The beginning of the year is all about routine, routine, routine. Between setting the classroom rules, learning everyone’s name, and getting the kiddos into a groove, things can get a little… less than exciting. I always like an activity that will break up that monotony, but that will continue to reinforce all the good habits you are working to instill in your students. Taking a poll and using a graph as a visual aid is a great way to get to know your students better, have students practice listening and following directions, introducing some classroom supplies, and getting your kids familiar with graphs.


First, decide what question to ask your little love bugs. I like to pick a question that does not require students to think of an answer or make a decision the first time I try an activity like this. A big hit has been:


How did you get to school today?


This is a question each child will know the answer to, and also allows you, the teacher, to anticipate their responses. There are only so many ways it is likely that each child got to school that day. Walk, bike, bus, train, and car pretty much cover it, although as soon as you decide on those five undoubtedly one little one will take a scooter or a zip line that morning.


After you decide on all the possible responses, find and print out visuals for each mode of transportation. These visuals should be outlines so that students can color and cut the picture that corresponds to their answer. You will also need one of each in order to make a large poster, where your poll will be charted. With activities that you will utilize annually, it’s worth it to laminate the poster. Oh, laminating. If I was writing a personal ad to find my perfect match, it would just be a description of a perfectly laminated, reusable classroom product.

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After introducing the question, I find it easiest to say, “if you took a car to get to school today, quietly and safely stand up and come stand here.” Assign a different spot in the room or on the carpet for each answer. This makes it easier to hand out those pictures later.


Once students answer, they will each receive a picture to color in and cut out. This is a great time to talk about whatever coloring supplies you would like them to use. (I like to start with either crayons or color pencils, leaving proper marker etiquette talks for a later date…) At this point in the year, I then go around and place a preprinted label with each child’s name on their vote. It looks nice and saves a little time in what can become a lengthy activity.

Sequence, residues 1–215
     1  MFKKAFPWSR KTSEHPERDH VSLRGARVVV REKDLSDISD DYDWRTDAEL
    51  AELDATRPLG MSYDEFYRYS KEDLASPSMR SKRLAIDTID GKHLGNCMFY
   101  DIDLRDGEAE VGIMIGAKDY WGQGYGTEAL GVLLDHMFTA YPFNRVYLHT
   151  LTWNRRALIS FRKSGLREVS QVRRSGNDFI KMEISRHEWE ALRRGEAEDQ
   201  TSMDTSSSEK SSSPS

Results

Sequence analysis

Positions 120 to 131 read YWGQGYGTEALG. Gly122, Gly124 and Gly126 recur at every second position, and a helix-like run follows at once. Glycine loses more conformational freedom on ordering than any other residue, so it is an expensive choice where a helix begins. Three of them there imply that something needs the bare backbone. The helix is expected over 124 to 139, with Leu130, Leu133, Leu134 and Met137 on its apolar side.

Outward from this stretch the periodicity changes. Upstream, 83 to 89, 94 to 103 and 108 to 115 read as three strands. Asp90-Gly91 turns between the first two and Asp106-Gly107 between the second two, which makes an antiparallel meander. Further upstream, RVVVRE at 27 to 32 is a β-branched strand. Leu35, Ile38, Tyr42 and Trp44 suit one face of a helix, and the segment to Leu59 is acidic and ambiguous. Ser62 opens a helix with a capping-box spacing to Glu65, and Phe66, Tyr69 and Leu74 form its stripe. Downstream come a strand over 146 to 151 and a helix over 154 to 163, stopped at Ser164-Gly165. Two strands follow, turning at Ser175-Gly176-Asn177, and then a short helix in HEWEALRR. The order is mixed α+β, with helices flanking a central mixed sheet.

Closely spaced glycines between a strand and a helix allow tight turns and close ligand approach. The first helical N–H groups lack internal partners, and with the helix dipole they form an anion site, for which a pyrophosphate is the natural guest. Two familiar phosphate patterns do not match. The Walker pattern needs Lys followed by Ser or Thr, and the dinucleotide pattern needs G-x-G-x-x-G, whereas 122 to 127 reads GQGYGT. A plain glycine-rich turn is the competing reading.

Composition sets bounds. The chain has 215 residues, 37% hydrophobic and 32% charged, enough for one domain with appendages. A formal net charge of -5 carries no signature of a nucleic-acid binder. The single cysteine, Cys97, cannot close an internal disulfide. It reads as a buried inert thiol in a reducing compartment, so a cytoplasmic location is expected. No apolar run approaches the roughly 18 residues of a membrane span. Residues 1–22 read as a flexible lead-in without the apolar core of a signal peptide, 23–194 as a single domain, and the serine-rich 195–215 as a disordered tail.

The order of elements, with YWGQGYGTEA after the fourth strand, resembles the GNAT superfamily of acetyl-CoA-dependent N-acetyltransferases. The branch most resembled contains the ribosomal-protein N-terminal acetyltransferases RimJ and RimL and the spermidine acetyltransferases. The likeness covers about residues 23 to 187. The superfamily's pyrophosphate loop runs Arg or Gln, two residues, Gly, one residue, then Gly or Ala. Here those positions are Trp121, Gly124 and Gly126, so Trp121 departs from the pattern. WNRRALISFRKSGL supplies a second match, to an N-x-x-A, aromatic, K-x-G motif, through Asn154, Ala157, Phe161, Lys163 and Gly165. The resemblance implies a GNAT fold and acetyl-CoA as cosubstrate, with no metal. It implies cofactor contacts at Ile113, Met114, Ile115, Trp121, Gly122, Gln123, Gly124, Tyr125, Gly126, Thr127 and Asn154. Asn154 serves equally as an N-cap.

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Once students finish cutting and cleaning up their spot, they can join you by sitting in a circle on the carpet. In the middle of the carpet you will have your large poster for the chart. One at a time, students can come and place the finished picture of their mode of transportation on the graph. This is a great time to explain that, when using a pictograph, start at the bottom. Each person who comes after in the same category will stack his or her picture on the others. The column with the most pictures stacked on top of each other has the greatest number of people answering in that way. As a vocabulary nerd, I love this opportunity early in the year to get students saying “greatest, least and equal.” Not only are students being stuffed with new academic knowledge, but they are practicing taking turns, continuing to familiarize themselves with their classmates names, and following the behavioral expectations for lessons. It’s win, win, win—and who doesn’t love a triple win? After the chart is all finished, find a prominent spot in your room to display all that hard work.



Annie Walsworth
Annie Walsworth

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